The College Board has been steadfast in stating that the new digital test and its 1600 scale would correlate directly to the current paper-based test and the ACT concordance table. Buried in the analysis, the College Board acknowledges that this concordance is not yet backed up by psychometric criteria. (Psychometrics is a branch of psychology interested in testing, measurement, and assessment.) The College Board states that the scores are linked (i.e. relatable) versus equated (i.e. the same score). We appreciate the College Board’s honesty in this regard, although it may lead to the ACT deciding to construct a new concordance table to compare the ACT to the digital SAT.

A paper-based testing accommodation for students with disabilities

For students with disabilities rendering them unable to take a test on a computer, a paper option will be available. The paper accommodation will consist of a slightly longer nonadaptive (AKA linear) test form. While the digital SAT is 2 hours and 14 minutes long, the linear test is 2 hours and 44 minutes long. A longer test form is required absent the advantages and efficiency gains of adaptive testing.  

Where the 2-module digital math section has 40 total operational and 4 experimental items, the linear math section will consist of 54 operational items and no experimental items. Similarly, the linear verbal section will consist of 66 operational items and no experimental items, contrasted to the 50 operational and 4 experimental items on the digital SAT. The time per question will remain identical on both the digital and linear test forms.

It is unclear who will be eligible for the paper testing accommodation. It is also unclear whether test-security will be a concern for paper-based testing, depending upon how many discrete test forms the College Board creates for this relatively small population of students. Item exposure may be more of a concern if there are a small number of linear test forms in circulation.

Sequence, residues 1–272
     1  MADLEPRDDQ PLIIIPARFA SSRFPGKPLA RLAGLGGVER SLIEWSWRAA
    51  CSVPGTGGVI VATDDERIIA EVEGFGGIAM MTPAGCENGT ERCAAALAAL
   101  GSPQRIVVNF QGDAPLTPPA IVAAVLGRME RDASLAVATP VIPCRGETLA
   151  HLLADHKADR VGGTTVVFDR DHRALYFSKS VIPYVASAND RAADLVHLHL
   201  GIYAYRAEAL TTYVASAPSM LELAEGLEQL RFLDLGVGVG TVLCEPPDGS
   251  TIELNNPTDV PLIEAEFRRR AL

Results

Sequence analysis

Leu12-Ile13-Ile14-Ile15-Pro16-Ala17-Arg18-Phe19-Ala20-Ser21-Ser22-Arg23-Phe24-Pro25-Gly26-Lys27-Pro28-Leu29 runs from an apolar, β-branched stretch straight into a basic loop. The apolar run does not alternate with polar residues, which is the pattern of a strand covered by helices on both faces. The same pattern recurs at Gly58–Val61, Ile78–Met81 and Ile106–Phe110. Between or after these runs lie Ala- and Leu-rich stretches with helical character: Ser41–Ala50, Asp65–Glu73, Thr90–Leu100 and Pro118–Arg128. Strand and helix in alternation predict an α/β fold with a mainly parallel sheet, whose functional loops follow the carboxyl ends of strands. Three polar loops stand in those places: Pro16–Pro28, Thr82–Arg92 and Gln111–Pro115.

The digital SAT offers support for English Learners, but with a big asterisk

A criticism against the current SAT is that it places too much emphasis on reading skills that hinder English learners. The digital SAT has acknowledged this feedback in several ways: writing questions will no longer test word choice (affect/effect, then/than) and math word problems now have a cap on how many words they can contain and how frequently they can be used. 

The digital SAT will also offer accommodations for English learners if they receive similar accommodations in school. These can include extended time and a bilingual word-to-word dictionary. 

The big caveat is that these accommodations are only available during school-day administrations of the digital SAT and not during weekend testing. This means that schools with a large population of English learners will need to sign up for an in-school test if they want to support their student body. Clearly, the College Board wants to move towards in-school testing and this looks to be a clever means of moving the needle. 

Reading and Writing are blended together

The current SAT’s EBRW score is split straight down the middle, with 400 of the points coming from the reading section and 400 from the writing section. The Digital SAT not only blends question types, with many reading questions now feeling like Writing “expression of ideas” questions, but has also eliminated any subscores that delineate the difference between reading and writing. 

Reading looks short but tough

We’ve known that reading would use shorter passages and only one question per passage. Any illusions that this would make for an easy section should be addressed by the practice questions published. All-and-all, the reading selected seemed tough and the questions asked were also rigorous